Fostering a culture of clinical effectiveness in healthcare is crucial to achieving optimum outcomes for patients. Evidence-based practice (EBP) is a cornerstone of clinical effectiveness. An EBP capacity-building project commenced in Ireland in 2016, in collaboration with the Centre of Evidence-Based Medicine in Oxford. A key part of this project, reported here, was the development of a competency framework for education in EBP and clinical effectiveness to ensure responsiveness of education standards and curricula of healthcare professionals in this area.
Methods Following a review of national and international reports, professional guidance documents and empirical literature pertaining to clinical effectiveness education (CEE), a preliminary competency framework was developed. Stakeholder consultations were conducted over a 6-month period, which consisted of 13 focus groups (n=45) and included representatives from clinical practice, higher education and professional training sectors, regulator/accrediting bodies, the Department of Health (Ireland) and patient/service user groups.
Results An overarching interprofessional competency framework for CEE was proposed and included the following domains: EBP, quality improvement processes, implementation strategies and collaborative practice: a total of 16 competencies and 60 indicators.
Conclusion A competency framework for CEE for health and social care professionals is presented. It is intended that this framework will provide guidance to healthcare educators and regulators in the construction and revision of curricula, learning outcomes, teaching and assessment strategies, and graduate/clinician attributes.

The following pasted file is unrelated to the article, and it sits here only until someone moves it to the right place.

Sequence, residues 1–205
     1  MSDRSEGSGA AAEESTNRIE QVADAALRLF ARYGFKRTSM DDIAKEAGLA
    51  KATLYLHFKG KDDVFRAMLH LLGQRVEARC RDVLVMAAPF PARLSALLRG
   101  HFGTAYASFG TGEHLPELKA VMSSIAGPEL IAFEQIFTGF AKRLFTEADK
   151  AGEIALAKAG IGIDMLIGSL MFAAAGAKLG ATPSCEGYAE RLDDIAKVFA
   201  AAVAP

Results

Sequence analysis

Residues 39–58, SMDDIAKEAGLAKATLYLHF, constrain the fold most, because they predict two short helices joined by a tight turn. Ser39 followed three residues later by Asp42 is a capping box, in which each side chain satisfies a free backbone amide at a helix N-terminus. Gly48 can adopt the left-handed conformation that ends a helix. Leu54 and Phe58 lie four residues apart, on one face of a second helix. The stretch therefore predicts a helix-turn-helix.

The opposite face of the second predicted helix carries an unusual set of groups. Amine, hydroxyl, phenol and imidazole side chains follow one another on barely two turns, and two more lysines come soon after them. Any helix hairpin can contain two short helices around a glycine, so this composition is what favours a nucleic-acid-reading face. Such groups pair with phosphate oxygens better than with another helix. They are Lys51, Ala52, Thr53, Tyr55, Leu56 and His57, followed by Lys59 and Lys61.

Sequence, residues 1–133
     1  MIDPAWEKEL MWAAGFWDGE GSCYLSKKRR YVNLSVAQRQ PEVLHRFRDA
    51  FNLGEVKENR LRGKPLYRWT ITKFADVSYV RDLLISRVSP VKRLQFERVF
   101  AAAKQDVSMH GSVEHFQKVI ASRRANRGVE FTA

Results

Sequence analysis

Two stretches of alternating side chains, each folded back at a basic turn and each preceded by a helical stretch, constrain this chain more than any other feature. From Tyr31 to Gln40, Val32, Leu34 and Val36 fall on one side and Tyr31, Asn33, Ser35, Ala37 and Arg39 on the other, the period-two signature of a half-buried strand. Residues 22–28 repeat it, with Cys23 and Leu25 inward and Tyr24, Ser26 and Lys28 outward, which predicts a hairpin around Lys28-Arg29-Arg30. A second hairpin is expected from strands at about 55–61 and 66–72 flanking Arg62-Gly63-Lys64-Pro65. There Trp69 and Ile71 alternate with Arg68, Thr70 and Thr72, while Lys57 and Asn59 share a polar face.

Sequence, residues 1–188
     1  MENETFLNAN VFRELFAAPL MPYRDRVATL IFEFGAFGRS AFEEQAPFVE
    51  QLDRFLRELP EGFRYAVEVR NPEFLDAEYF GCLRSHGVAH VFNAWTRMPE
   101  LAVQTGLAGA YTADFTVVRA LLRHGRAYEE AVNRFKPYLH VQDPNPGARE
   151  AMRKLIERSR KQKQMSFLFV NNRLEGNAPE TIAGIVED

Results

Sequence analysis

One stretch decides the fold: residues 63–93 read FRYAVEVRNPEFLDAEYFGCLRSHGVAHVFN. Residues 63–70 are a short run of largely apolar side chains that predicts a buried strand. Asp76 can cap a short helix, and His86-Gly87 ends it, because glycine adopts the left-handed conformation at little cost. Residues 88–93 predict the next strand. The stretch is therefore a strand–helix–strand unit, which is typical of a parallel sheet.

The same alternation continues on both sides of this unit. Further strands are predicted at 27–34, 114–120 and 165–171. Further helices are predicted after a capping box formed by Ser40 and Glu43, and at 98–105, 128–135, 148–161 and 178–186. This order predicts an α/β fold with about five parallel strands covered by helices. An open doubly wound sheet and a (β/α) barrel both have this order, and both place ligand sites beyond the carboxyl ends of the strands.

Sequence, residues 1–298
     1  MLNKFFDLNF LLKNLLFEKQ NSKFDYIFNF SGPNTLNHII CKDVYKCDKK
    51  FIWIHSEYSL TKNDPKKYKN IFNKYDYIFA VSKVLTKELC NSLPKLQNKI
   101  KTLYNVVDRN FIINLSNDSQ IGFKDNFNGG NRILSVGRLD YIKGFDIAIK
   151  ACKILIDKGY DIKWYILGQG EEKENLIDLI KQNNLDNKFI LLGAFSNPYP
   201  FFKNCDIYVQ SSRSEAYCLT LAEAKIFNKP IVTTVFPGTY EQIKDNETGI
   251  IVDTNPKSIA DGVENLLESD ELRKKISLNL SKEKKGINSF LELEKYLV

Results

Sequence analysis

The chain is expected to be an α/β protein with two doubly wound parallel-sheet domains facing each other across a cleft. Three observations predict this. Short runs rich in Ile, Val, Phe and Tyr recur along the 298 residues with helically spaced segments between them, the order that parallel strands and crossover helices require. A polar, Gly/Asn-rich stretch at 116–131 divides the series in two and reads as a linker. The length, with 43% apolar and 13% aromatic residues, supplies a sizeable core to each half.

- medical education & training
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Contributors Conceived and designed the study: EL, JH, NOR and EOT. Scoping review procedures (including data screening, extraction and synthesis): EL, HA and SOC. Clinical teaching expertise and focus group recruitment: MC, COT, HL, NM, FB, MH, DB, CB, EH, FH, JMcV, NOR and LS. Focus group data collection and analysis: PLW, HA, EL, JD and SOC. Research report appraisal, drafting and dissemination: All. Manuscript appraisal and final approval: All.
Funding This work was commissioned by the Clinical Effectiveness Unit, Department of Health, Ireland.
Competing interests NOR was employed by the Department of Health at time of funding.
Patient consent for publication Not required.
Ethics approval Social Research Ethics Committee of University College Cork (ref: Log 2018–045).
Provenance and peer review Not commissioned; externally peer reviewed.
Data availability statement Data are available upon reasonable request. Deidentified participant data are available upon reasonable request from the corresponding author (firstname.lastname@example.org). No commercial reuse of data.
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